The ACC? Many thought the future looked bleak, especially after Florida State and the Big 12 became publicly tangled in a public relations mess that dominated spring meetings in 2012. A few months later, Maryland decided to join the Big Ten and left the ACC reeling.
What is a commissioner to do? If you are John Swofford, you swat away any doomsday talk and make your league stronger. Since 2012, he has gotten Notre Dame to join in all sports but football, but secured an annual five-game football scheduling agreement and included the Irish in future bowl partnerships; he swapped Maryland for Louisville, a huge upgrade across the board; he got league schools to raise the exit fee to $50 million; and he got them all to sign a grant of rights agreement.
But wait. There's more.
On the opening day of ACC Kickoff on Thursday, Swofford and ESPN announced a long-awaited deal with ESPN for an ACC linear and digital network, along with a grant of rights extension through 2036 -- essentially stabilizing and securing the conference for the foreseeable future.
"John Swofford made all the right moves," Duke athletic director Kevin White said. "In my behind-the-barn expression, the dart board is no longer jumping. We know where the dart board is. We're pretty frozen."
The ACC has made a remarkable shift over a very short period of time. Swofford has secured his league's future for the next 20 years, all while completely outmaneuvering the Big 12 -- a conference whose future appears the murkiest of them all. The Big 12 spent all summer discussing future expansion and wondering about the prospects for its own television network.
Now the conference is talking about expansion again -- Oklahoma president David Boren said as a direct result of the ACC's network news. Any thought about trying to poach an ACC team is not based in reality.
If Florida State or any other team considered leaving over the next 20 years, it would have to pay the ACC a $50 million exit fee plus leave behind its television rights until the grant of rights expires. That's a whole lot of cash to leave on the table to join a league that looks the most unstable and most unsecure among the Power 5 conferences.
The future ACC Network, years in the making, finally puts the ACC on par with the SEC, Big Ten and Pac-12, which all have their own networks. Having more television exposure is nice, but this is about the money a television network brings in -- money the ACC hopes will allow for even more substantial upgrades to its football product.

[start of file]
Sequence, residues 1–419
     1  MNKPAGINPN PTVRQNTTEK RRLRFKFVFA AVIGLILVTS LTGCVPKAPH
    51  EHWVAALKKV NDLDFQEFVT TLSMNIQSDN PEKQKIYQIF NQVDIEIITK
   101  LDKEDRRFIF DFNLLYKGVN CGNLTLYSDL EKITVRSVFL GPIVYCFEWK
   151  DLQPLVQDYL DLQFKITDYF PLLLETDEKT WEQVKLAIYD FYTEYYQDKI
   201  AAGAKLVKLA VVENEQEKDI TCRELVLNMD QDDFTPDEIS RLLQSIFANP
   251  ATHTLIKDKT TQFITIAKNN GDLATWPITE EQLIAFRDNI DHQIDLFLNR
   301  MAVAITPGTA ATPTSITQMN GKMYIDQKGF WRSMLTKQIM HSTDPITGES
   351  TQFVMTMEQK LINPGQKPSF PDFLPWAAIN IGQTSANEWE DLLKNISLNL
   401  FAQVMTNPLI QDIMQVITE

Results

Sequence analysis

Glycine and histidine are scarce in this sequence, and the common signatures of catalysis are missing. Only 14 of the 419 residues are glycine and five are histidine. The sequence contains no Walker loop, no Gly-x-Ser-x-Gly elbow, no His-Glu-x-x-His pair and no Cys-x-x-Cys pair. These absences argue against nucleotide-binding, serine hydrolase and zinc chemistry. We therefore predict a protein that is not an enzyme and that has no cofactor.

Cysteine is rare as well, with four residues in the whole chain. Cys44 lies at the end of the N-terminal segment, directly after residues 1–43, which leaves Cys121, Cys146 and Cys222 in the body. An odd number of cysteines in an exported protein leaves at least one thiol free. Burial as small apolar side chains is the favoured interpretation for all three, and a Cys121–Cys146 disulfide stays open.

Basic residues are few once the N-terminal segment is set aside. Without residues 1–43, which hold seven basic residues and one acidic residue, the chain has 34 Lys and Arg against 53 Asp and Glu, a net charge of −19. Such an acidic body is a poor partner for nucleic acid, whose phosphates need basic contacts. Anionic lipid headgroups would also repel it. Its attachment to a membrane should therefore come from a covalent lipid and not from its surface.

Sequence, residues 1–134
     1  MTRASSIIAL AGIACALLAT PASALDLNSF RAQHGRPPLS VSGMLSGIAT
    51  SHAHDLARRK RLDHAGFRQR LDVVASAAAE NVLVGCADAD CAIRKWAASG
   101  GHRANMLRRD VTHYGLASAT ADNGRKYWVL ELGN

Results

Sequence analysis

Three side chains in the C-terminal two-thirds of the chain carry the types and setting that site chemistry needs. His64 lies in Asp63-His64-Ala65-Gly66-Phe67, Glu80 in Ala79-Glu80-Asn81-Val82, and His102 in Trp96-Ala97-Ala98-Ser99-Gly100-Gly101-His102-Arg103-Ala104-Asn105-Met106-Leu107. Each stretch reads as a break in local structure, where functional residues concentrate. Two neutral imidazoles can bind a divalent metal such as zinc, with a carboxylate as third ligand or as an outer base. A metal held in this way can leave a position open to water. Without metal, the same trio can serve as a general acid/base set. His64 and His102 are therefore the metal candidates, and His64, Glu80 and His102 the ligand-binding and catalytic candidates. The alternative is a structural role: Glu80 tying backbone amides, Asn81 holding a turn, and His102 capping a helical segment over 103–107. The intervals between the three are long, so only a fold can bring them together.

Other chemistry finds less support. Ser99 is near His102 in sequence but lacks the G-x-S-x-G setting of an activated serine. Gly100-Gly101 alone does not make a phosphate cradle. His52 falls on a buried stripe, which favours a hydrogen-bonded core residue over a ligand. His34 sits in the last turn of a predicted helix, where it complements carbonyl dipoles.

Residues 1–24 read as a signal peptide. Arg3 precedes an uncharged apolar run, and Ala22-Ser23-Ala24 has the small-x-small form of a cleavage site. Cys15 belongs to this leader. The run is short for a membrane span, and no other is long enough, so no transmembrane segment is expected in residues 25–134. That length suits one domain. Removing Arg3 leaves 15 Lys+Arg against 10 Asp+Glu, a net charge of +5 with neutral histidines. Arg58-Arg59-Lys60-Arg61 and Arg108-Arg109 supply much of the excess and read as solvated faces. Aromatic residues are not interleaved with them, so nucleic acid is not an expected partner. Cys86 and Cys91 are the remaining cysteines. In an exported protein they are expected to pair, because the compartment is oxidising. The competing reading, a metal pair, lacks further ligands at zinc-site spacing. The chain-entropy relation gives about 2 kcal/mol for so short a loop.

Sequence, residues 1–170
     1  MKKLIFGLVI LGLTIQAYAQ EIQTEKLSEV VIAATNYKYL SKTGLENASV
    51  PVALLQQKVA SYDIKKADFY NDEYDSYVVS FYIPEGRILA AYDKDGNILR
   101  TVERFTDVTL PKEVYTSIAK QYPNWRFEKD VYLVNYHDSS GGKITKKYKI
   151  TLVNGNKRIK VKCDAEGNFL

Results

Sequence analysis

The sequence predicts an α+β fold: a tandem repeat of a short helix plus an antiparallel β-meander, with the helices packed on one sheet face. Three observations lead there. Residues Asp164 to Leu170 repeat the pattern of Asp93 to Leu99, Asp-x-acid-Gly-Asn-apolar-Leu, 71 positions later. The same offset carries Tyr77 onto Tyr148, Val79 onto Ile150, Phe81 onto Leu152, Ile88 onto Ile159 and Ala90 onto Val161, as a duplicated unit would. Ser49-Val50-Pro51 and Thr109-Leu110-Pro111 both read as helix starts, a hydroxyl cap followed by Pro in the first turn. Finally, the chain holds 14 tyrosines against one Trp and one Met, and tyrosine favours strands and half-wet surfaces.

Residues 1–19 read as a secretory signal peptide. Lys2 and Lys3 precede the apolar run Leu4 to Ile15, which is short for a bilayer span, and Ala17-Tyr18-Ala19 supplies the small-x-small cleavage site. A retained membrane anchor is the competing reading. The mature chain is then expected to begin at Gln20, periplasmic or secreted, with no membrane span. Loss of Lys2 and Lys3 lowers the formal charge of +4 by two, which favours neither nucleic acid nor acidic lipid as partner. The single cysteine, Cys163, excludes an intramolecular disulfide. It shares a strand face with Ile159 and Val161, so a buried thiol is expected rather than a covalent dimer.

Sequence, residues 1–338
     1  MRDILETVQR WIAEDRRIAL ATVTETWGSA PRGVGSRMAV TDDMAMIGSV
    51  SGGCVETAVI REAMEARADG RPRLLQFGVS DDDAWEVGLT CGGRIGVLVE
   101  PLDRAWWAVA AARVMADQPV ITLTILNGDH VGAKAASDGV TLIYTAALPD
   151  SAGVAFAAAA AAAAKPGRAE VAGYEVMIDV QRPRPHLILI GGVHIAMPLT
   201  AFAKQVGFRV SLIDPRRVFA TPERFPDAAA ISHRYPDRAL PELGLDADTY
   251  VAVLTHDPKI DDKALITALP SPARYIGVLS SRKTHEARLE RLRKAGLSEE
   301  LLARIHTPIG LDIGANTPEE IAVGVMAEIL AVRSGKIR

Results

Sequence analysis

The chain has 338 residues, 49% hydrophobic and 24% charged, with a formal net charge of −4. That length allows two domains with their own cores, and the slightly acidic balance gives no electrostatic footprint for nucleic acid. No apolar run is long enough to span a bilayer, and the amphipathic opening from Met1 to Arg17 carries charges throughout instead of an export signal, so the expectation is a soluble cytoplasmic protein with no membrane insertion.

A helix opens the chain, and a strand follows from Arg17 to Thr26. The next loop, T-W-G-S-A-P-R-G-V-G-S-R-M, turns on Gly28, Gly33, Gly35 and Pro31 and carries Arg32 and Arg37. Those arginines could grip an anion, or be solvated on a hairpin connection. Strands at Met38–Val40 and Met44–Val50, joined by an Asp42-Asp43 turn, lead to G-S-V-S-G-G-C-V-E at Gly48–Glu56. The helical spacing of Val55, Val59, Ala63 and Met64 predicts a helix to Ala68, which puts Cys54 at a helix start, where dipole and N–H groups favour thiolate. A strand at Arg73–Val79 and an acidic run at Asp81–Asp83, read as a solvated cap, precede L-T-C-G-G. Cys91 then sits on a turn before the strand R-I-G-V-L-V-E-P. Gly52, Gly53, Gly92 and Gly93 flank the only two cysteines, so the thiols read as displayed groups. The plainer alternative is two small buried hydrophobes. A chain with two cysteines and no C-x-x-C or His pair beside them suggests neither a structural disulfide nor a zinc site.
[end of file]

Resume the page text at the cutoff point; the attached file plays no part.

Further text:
We could debate which makes the ACC stronger -- a network or the grant of rights extension. They are both big, but the grant of rights should be considered the biggest news to emerge out of this week. With the Big 12 still hemming and hawing about whether to add more teams, extending the grant of rights basically locks ACC schools into place -- and that is the type of stability the league didn't have five years ago.
Given all these developments, the natural expectation should be for the ACC to now make the necessary steps to be more than just a top-heavy football league. After going 13 years between championship game appearances, two ACC schools have played for a title in two of the last three years. Florida State and Clemson continue to carry the flag, but programs like Miami, Louisville, North Carolina and Virginia Tech -- just to name four -- have a responsibility to the league to prove they are top 25 teams capable of contending for championships.
These are exciting times for the ACC. Playing as a stable, unified conference with a network on the way should only be just the beginning. They also provide quite a legacy for the man who has engineered it all.
"I feel great about where it is because we're where we should be," Swofford said. "It feels good to be there. The last 10 to 15 years in college athletics there's been a lot of instability, there's been a lot of rumors, a lot of people who were saying things without any basis about who might be where and why this would happen and there were all kinds of reasons why a lot of those things would not have happened.
"But I think what this does is totally take the ACC out of any kind of conversation of that nature and that's a huge plus for the league and for the individual institutions and a huge plus for our ability to truly reach our potential as a league. I think that's already started."